Wednesday, September 30, 2015

Superfluities, by Major Jackson

I read this poem in Major Jackson's Holding Company this morning, and I went to find it online to share with friends. I found it, but I also noticed that the version that is online has one more phrase than the version in the book, and as the phrase that is only in the book is one that I had stopped to ponder ("ecstasy of fumbling", which comes from Wilfred Owen's "Dulce et Decorum Est"), I wanted to get the book version online. So here it is:


by Major Jackson

This downpour of bad reasoning, this age-old swarm,
this buzzing about town, this kick and stomp
through gardens, this snag on the way to the mall,
this heap and toss of fabric and strewn shoes, this tangled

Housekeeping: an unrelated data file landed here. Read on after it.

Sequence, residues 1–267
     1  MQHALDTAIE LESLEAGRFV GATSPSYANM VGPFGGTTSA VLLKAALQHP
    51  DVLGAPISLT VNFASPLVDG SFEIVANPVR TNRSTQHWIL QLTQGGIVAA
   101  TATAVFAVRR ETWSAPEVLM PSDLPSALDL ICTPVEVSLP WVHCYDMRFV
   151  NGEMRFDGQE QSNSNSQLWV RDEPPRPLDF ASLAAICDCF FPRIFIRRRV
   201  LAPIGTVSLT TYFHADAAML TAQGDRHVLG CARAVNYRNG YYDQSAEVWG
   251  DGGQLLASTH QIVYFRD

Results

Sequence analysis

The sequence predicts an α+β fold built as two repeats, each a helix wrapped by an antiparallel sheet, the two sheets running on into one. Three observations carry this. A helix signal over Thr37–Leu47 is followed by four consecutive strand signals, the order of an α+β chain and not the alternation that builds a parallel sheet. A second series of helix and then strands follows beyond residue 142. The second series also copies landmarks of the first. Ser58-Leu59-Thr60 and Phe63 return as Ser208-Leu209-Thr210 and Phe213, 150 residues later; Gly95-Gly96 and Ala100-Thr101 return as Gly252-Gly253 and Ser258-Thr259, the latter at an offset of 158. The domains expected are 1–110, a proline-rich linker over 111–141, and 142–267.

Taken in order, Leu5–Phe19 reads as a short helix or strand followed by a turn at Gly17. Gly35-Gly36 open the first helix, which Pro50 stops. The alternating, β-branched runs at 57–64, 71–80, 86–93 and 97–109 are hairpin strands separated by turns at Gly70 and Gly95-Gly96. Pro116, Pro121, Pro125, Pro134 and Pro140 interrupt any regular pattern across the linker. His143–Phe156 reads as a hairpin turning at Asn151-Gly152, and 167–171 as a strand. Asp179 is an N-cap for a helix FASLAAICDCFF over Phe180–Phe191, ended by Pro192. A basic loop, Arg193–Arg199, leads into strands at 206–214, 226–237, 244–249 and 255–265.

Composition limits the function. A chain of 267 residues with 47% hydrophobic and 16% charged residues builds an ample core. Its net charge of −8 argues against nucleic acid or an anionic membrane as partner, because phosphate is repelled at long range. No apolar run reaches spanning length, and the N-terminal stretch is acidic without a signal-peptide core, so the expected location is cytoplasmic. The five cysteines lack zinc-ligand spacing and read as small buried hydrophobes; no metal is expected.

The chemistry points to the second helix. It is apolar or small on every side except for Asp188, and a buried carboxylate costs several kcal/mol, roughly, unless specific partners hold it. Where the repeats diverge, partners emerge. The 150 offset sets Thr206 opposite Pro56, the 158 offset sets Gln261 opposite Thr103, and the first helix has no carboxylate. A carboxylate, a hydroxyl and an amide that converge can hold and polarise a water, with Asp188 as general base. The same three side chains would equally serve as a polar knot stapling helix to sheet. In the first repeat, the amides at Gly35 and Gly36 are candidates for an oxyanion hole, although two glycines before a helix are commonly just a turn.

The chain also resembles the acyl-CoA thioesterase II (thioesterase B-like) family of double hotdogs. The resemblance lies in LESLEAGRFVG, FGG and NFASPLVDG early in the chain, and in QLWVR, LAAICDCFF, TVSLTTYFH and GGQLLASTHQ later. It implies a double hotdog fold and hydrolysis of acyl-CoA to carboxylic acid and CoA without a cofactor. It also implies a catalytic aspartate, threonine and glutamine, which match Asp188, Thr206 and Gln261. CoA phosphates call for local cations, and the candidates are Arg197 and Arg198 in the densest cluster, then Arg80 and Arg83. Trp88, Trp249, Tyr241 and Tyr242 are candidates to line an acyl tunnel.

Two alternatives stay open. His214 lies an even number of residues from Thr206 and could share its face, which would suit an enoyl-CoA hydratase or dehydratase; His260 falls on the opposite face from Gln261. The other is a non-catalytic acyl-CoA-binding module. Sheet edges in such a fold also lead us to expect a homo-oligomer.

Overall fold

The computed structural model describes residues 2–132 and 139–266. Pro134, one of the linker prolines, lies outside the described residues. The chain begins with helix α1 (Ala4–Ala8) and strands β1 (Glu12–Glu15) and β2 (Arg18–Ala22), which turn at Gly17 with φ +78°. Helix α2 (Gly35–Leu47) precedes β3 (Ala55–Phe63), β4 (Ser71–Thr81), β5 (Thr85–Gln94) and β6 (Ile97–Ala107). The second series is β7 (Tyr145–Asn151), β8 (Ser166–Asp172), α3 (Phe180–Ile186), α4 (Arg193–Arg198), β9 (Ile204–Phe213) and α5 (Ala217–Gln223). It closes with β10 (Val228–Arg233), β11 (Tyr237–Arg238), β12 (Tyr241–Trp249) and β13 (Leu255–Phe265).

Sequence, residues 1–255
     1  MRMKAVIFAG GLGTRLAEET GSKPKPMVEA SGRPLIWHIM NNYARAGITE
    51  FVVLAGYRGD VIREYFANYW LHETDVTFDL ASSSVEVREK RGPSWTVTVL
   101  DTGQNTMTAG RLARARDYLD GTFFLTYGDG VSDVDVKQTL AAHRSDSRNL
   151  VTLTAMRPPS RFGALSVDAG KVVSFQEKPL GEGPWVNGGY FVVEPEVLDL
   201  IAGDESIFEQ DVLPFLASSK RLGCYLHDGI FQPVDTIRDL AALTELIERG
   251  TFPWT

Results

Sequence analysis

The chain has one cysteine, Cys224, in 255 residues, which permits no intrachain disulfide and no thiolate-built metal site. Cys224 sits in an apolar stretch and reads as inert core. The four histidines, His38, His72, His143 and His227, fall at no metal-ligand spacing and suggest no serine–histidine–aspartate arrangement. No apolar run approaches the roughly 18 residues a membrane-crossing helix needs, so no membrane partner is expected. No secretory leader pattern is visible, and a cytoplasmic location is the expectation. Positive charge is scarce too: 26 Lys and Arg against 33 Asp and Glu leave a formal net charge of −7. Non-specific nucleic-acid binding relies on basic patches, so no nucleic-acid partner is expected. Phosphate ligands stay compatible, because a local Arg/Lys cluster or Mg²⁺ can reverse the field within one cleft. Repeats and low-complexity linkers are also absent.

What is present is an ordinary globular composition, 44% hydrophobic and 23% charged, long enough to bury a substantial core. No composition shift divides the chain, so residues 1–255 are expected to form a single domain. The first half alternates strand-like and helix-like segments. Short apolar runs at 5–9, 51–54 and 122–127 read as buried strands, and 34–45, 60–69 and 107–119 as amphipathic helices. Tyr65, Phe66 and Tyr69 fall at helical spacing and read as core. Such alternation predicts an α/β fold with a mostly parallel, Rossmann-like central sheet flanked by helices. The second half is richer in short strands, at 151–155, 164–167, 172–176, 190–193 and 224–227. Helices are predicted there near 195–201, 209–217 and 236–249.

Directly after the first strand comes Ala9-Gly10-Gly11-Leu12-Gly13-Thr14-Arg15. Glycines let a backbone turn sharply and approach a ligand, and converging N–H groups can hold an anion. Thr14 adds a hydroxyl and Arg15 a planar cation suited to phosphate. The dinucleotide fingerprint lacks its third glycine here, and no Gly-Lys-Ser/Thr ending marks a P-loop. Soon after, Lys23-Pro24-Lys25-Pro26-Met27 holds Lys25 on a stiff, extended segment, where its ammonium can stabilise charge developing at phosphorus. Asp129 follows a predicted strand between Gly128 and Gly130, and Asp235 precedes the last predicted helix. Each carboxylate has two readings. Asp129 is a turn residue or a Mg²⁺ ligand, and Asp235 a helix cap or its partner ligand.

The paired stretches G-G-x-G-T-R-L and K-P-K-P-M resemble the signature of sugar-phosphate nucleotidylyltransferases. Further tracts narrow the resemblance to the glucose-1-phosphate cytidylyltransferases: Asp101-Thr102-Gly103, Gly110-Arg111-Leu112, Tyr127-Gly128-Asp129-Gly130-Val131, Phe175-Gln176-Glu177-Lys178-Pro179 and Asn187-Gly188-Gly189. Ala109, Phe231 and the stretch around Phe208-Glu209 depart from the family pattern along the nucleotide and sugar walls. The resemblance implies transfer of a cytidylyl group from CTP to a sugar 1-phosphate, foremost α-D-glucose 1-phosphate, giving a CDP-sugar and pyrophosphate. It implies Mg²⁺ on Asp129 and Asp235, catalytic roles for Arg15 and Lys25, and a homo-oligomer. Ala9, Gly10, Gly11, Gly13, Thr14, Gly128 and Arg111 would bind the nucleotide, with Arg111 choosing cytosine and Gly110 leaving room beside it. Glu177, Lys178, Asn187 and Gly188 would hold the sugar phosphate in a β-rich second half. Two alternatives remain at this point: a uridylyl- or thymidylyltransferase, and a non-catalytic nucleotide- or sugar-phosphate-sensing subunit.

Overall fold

beauty, this I came here not knowing, here
to be torched, this fumbling ecstasy, this ecstasy of fumbling,
this spray of lips and fingers, this scrape of bone, this raid
of private grounds, this heaving and rocking, this scream
and push, this sightless hunger, this tattered perishing,
this rhythmic teeth knocking, this unbearable
music, this motionless grip, grimace, and groan.

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